Pursuant to Answers (IV), when terminating an employment contract, the employer can rescind the non-compete agreement and avoid paying the three-month economic compensation.
Unless contrary to the law, an agreement may be altered or terminated by mutual agreement. Answers (IV)allows an employer to unilaterally terminate a non-compete agreement without paying the three-month economic compensation usually required. This is not in the interests of employees. For example, if a non-compete agreement was rescinded on the date of an employee’s departure, and the employee had planned to perform the non-compete agreement and was expecting economic compensation, the rescission will damage the employee financially.
However, the non-compete agreement could incorporate the following: “the employer is entitled to rescind the non-compete requirement when an employee’s departs and as a result, economic compensation will not be paid”. In this case, employees will be aware that such a right exists and will not have the same expectations about compensation.
False identities and work-related injuries – will compensation be given?
According to Answers (IV), if an employee completes an employment contract with a false identity and the employer purchases work injury insurance based on that false identity (without fault such as negligence), the employee must bear the cost of his fraudulent conduct. Insured work injury compensation is supposed to be paid by the work injury insurer not the employer. However, because the employee has de facto labor relationship with the employer, the employer must be responsible for the work injury compensation which it is liable for.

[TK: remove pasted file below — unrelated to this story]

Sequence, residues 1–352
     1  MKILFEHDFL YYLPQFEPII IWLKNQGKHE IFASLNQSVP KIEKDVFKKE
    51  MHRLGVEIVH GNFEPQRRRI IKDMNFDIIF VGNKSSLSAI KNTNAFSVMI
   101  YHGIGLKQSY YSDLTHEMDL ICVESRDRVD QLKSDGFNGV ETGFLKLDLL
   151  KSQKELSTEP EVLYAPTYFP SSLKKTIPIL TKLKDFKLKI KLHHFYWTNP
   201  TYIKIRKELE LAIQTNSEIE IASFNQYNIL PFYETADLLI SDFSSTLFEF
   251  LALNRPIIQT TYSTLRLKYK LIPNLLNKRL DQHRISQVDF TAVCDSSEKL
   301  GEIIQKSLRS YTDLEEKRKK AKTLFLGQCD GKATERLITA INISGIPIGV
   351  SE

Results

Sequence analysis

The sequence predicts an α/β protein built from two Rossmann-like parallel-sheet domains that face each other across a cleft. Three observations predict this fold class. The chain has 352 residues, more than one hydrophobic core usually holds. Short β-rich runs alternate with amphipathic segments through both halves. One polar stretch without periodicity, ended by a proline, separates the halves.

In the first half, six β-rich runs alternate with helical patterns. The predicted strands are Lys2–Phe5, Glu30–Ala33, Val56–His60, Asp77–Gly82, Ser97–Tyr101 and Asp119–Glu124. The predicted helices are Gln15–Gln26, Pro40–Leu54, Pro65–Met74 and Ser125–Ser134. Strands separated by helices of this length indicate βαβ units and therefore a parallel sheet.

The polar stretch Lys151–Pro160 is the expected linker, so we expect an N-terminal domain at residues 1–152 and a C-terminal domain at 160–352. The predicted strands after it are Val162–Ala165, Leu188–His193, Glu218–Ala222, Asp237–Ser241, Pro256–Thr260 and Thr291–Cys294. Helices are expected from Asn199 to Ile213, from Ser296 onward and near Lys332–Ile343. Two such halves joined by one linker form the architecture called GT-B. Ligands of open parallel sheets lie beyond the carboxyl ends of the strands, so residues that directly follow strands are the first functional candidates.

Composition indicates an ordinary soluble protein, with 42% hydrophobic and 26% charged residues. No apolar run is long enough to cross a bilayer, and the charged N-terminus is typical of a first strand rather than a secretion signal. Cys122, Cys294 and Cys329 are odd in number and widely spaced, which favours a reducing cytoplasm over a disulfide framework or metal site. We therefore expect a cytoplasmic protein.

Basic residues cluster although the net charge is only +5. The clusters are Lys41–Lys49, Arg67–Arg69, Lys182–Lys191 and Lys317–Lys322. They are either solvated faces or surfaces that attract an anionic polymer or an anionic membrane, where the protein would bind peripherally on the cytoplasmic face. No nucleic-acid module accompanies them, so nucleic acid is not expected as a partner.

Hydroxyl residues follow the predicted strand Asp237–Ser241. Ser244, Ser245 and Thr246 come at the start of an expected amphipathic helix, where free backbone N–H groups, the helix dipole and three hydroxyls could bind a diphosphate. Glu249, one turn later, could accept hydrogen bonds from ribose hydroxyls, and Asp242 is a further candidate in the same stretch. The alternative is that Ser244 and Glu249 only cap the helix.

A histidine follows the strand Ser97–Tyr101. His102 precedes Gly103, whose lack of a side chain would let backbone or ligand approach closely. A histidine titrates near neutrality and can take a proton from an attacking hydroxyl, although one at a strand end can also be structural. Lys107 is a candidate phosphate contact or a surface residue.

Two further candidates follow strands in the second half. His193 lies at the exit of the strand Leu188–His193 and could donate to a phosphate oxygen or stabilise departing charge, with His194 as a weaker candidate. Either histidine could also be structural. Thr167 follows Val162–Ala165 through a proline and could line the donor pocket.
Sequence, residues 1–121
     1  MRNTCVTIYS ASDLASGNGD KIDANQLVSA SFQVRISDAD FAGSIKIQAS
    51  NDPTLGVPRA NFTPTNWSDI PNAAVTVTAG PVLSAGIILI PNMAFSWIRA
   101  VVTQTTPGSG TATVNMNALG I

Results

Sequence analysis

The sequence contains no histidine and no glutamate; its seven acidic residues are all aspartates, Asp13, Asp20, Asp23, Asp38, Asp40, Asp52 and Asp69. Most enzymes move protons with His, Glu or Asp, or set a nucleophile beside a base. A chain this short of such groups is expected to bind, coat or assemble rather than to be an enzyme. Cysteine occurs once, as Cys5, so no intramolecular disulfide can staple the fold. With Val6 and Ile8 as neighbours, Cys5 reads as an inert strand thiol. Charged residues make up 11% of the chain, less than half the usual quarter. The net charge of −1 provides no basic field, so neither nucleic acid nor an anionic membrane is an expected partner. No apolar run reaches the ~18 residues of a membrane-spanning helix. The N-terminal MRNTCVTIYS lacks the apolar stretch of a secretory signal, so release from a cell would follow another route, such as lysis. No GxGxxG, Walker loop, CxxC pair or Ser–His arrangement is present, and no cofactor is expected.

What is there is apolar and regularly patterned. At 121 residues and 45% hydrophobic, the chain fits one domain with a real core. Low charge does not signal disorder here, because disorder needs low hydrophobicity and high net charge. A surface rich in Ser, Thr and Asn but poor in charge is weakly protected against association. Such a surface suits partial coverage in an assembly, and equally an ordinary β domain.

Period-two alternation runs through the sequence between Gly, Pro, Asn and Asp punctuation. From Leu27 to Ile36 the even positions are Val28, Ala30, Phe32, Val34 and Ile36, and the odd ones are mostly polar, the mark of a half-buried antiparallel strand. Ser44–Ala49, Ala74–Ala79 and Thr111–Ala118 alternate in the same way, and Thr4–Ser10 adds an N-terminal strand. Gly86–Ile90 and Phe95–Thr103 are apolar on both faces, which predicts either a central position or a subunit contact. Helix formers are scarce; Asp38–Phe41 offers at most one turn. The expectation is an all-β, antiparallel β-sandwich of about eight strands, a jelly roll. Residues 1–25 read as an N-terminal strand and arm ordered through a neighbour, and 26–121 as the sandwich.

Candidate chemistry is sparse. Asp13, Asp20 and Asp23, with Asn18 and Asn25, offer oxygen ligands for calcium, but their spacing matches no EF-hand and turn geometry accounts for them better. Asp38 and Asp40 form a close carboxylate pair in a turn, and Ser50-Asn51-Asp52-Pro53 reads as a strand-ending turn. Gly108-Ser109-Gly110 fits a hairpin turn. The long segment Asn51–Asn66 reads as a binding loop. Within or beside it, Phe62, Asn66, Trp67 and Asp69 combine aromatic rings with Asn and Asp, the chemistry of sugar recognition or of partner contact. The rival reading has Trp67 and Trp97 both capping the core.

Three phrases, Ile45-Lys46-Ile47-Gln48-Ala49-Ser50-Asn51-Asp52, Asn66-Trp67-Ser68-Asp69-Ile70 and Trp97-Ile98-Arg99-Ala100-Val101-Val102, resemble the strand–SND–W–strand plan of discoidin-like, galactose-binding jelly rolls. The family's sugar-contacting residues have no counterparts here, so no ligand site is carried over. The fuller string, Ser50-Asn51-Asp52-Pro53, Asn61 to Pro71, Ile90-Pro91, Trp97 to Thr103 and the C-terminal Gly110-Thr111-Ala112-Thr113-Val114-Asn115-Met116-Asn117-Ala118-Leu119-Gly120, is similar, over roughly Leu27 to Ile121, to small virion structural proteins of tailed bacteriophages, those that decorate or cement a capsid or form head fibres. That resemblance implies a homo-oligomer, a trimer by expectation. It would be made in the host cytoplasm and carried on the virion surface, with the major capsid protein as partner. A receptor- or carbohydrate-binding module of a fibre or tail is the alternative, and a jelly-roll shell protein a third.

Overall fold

The above provisions are reasonable as they have considered the legitimate interests of both parties.
A definite 24 month period for specific diseases?
The Announcement by the Ministry of Labour on Implementing ‘Provisions regarding Medical Treatment Period for Diseases or Non-work-related Injuries of Enterprise Employees’ [Lao Bu Fa (1995) No. 236]provides that “for an employee who suffers from specific diseases, such as cancer, psychosis, paralysis, their period of medical treatment can be extended with approval from the enterprise and labour administration if he/she cannot be cured in 24 months”.
Answers (IV) states that this must not be interpreted as an assurance that an employee with a specific disease will be given a 24-month medical treatment period. The medical treatment
period will still be determined by the number of years the employee has been working for the employer. The calculated period may be extended if he/she cannot be cured within that time.
Whether an employee with a “special disease” is entitled to a 24-month medical treatment period is controversial. Arbitration commissions and courts in some areas such as Beijing, Jiangsu and Hunan have adopted a pro-employee approach and granted a 24 month period. In other regions, such as in Zhejiang Province, things are different. Employers must consider and handle situations on a case-by-case basis.